The groups have formally charged that the FitzPatrick severe accident plan poses an unacceptable risk to Entergy workers and to the public. The unreliable Mark I containment system and FitzPatrick’s unique refusal to install a “hardened vent” increase the probability of massive radiation releases and exposures to workers, the surrounding communities and the environment. A 1980 NRC-commissioned study estimated that the consequences of a severe nuclear accident at FitzPatrick would be devastating to Central New York: 1,000 deaths from severe radiation exposure; 16,000 people hospitalized with radiation sickness; 17,000 long-term cancer deaths; and $100 billion (2011 $US) in property losses.

In 1992, the NRC accepted the Fitzpatrick operator’s refusal to install the hardened vent on the Mark I containment, saving the operator $680,000. At the time, the FitzPatrick operator, then the Public Authority of the State of New York (NYPA), said that the ignition of hydrogen gas was unlikely.

But that thinking apparently changed after the Fukushima nuclear disaster. In a post-Fukushima inspection report, dated May 13, 2011, both the NRC and Entergy acknowledge “an apparent beyond design and licensing basis vulnerability, in that current procedures do not address hydrogen considerations during primary containment venting.” Earlier this month, the NRC ordered all Mark I reactors to install a “reliable” vent by 2016.

“The NRC and Entergy know this venting plan is not safe, yet, instead of addressing the concern immediately, they seem fine to wait and just hope there isn’t a serious accident at the plant,” said Jessica Maxwell, a staff organizer with the Syracuse Peace Council, which is a founding member of AGREE. “We are not fine to wait while the NRC and Entergy drag their feet,” Maxwell continued. “If the NRC will not protect the public from a known vulnerability, then there is something seriously wrong with the agency.”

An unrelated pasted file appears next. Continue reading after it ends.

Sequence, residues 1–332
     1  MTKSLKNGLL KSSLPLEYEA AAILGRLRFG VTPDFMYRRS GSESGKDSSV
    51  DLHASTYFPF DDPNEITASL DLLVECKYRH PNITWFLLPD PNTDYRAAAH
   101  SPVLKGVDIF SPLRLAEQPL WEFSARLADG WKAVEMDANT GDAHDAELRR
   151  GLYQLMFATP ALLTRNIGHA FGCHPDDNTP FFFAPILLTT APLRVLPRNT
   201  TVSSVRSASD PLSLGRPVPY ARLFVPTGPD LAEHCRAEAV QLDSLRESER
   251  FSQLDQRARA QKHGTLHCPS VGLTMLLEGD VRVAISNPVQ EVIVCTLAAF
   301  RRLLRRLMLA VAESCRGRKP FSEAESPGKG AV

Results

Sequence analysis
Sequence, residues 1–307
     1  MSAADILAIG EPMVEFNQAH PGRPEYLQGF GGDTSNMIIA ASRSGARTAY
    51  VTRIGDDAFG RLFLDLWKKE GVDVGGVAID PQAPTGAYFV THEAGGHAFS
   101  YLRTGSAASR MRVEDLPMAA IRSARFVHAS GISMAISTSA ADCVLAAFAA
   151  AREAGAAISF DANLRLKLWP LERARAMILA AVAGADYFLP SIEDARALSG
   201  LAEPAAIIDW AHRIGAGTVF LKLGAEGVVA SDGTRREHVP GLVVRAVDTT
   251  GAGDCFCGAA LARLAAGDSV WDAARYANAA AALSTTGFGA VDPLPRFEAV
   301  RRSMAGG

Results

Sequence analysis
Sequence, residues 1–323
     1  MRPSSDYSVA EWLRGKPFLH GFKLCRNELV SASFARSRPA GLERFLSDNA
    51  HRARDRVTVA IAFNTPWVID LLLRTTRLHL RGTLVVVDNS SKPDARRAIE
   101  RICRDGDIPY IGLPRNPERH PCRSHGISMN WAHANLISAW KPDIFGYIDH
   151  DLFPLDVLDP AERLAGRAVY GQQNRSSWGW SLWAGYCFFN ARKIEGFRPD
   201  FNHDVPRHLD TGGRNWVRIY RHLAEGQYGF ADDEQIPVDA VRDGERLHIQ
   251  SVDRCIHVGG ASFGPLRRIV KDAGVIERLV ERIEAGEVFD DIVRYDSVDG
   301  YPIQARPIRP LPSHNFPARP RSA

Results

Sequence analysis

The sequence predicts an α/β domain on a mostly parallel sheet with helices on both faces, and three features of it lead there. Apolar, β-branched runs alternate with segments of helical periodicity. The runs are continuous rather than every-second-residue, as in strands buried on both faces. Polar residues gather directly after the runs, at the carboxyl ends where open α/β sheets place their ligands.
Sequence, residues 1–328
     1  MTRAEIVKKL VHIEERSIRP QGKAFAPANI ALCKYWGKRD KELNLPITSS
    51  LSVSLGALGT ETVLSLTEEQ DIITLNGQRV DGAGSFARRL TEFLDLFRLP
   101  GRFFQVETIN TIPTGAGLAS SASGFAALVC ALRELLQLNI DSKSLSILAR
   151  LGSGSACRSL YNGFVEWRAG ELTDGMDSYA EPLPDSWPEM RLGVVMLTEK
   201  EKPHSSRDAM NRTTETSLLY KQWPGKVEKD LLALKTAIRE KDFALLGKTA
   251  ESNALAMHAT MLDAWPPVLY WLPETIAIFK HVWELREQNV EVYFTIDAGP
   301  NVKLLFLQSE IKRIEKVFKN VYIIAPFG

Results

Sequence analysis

In mid-April, members of AGREE and other co-petitioners will continue to pressure the NRC to act on the safety vulnerabilities at Fitzpatrick. As the petition is still under consideration by the NRC, the petitioners have been invited to address the NRC Petition Review Board in a public meeting in Washington, DC.


Alliance for a Green Economy (AGREE) works for safe, affordable energy and the development of a green economy in New York State. Our goal is a prosperous, safe, and healthy New York, fulfilling the promise of conservation, energy efficiency, and safe, clean renewable energy sources to end our state’s reliance on wasteful and environmentally destructive forms of energy. The Alliance works to promote this transition to a carbon-free and nuclear-free future and educates the public about alternatives that can revitalize the economy and safeguard human health and the environment. Organizational members of AGREE include the Center for Health, Environment & Justice, the Citizens’ Environmental Coalition, Peace Action New York State, Peace Action CNY, the CNY chapter of Citizens Awareness Network, and the Syracuse Peace Council.

Beyond Nuclear aims to educate and activate the public about the connections between nuclear power and nuclear weapons and the need to abandon both to safeguard our future. Beyond Nuclear advocates for an energy future that is sustainable, benign and democratic.